Windows Password Recovery - creating Passcape rainbow tables
Passcape Rainbow Tables are used for recovering passwords in Passcape table attack. This tool is intended for creating such tables.
Before you start generating tables, you should set a wordlist that will be used for creating a database of word-prints and specify the table parameters:
Chain Length: affects the probability of finding passwords (e.g. success rate), table generation time and time needed to search for a single password during the attack.
Chain Count: affects the success rate, table generation time and its size.
At the moment, the table generation tool does not support tables of over 2 GB in size. However, you can create several tables if you are working with very large arrays of data (see the Table count parameter).
Success in recovering a password using the tables depends on several factors, and it’s important that you find their best values depending on the size of the tables you work with, their generation time and cryptanalysis time – that is, the time needed for recovering a password during the attack.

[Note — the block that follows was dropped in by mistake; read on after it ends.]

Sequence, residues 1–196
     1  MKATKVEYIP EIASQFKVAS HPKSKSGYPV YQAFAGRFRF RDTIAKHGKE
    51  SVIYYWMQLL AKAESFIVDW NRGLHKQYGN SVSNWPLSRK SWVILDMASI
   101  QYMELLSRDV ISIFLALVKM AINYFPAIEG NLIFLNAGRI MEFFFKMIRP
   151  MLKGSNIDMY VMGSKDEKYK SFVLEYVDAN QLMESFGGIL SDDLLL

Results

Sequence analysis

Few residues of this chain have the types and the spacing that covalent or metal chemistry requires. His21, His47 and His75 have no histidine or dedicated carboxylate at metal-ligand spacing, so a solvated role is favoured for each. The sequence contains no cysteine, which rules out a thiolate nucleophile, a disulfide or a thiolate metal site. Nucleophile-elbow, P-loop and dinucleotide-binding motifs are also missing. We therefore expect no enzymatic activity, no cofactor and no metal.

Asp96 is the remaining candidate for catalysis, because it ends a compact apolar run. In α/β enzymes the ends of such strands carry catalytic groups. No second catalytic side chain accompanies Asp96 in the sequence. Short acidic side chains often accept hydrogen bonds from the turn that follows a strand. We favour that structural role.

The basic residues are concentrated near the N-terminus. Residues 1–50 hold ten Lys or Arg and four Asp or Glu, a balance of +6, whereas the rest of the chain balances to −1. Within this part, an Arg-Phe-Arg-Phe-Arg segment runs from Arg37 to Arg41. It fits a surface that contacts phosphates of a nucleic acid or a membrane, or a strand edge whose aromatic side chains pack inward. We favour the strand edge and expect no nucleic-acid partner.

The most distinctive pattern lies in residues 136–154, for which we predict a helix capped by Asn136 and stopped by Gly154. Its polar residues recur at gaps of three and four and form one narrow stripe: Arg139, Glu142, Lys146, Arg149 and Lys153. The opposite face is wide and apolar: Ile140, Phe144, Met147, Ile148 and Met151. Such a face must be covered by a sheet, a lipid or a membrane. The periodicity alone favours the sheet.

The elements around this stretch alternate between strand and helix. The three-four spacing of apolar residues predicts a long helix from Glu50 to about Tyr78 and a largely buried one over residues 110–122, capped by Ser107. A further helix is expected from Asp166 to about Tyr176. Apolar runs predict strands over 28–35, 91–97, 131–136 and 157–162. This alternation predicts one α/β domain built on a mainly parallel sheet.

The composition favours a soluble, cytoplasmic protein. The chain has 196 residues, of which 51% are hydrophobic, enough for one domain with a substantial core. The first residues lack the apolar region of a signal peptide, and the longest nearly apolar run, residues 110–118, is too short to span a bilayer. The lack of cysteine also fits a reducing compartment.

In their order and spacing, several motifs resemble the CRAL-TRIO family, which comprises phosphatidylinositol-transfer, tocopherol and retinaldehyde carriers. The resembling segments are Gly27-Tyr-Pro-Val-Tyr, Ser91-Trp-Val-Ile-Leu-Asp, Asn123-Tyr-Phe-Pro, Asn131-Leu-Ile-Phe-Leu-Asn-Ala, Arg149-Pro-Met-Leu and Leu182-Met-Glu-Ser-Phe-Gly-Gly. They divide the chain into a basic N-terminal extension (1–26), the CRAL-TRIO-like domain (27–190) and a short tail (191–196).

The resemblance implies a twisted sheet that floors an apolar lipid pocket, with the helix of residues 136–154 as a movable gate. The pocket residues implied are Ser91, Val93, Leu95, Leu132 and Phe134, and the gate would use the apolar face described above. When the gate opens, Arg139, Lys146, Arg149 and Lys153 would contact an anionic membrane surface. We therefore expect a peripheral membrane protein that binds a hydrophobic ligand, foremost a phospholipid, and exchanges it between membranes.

Two additional options are used to manipulate table generation efficiency:
- Maximize password lookup efficiency: allows you to generate more wordprints from the source wordlist by adding numbers, keyboard and frequently used combinations. This option works well with small wordlists.
- Make a perfect rainbow table: as you may know, password chains in rainbow tables can merge. It means that there is a waste of information, time and disk space. This option allows you to create the so-called 'perfect tables' with no merged chains. Perfect tables occupy considerably less disk space and make password recovery a bit faster. However, the payoff for these advantages is a lower success rate in password recovery. To compensate for this lower success rate, you should at least double the number of password chains and increase the number of generated tables.
The table generation tool supports multi-threading, so make sure to set the necessary number of concurrent threads to be run by the program prior to starting the process.